Natural and Logical Consequences – What is the difference?

Both natural and logical consequences produce feedback that allow our children to learn from experiences over time.

A natural consequence of our behavior is one that can happen organically, without any preparation or prompting from an adult, the outcome happens naturally as a force of nature. Children observe these consequences of their behavior and make corrections to their behavior as needed (some neurodivergent children need help along the way with this). Here are a few examples of natural consequences:

+When a child is whisking eggs with gusto (!) and some of the egg spills out of the bowl onto the countertop. They will incarnate this experience and adjust behavior accordingly the next time they are whisking eggs.

+When a child chooses against outerwear on a chilly day outside. They feel the weather and decide that they are uncomfortable with the temperature and adjust the behavior either same day, or at the next opportunity to play outdoors. (This one can be tough for parents to allow to happen naturally!)

Natural consequences cannot be inorganically produced and they are often the best control of error, or teacher, for a child and his or her behavior.

A logical consequence is a consequence is provided by a guide or caregiver to help a child learn a consequence for a behavior that is not helpful or healthy for his or her development. Typically, logical consequences are provided when a natural consequence is not available and/or could be a safety hazard to the child. A logical consequence can also be provided when the caregiver sets a boundary. Here are examples:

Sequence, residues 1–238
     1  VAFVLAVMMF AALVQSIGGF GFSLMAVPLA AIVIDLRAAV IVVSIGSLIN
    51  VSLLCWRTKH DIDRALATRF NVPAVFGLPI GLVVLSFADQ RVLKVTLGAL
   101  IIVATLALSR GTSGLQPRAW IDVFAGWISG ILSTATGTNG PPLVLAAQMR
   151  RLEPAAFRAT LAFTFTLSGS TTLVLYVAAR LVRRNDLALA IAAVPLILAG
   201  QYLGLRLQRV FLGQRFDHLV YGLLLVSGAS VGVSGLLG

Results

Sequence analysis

+When a child is not able to clean up his or her toys and the playroom is a mess. This could be a reflective moment on the part of the caregiver to take toys away and set up only the amount that the child can successfully restore to order. Note: This should not be a “punishment.” If the child is overwhelmed with the amount of stimulus, it is our job to create an environment that is conducive to the child completing the cycle of activity of work/play.

+When a child is jumping on furniture because it is fun to jump! Instead of allowing a “natural” consequence in this scenario (fall with a head bump, loose tooth, or broken toe – this one could be a major safety hazard!) we offer a logical consequence instead by saying: “we can sit on the couch. It is a place to relax and stretch out. Can you stretch on the couch? I see your climbing dome outside if you want to climb and jump.” A mini trampoline or rebounder can be a fun option for jumping as well.

All of these can and should be tailored to your environment and your family’s needs. Each family culture is a little differnent, so these logical consequences can vary quite a bit!

If you want help with a behavior or surrounding circumstance with your little one, please reach out to me on the contact page – I will be happy to help!

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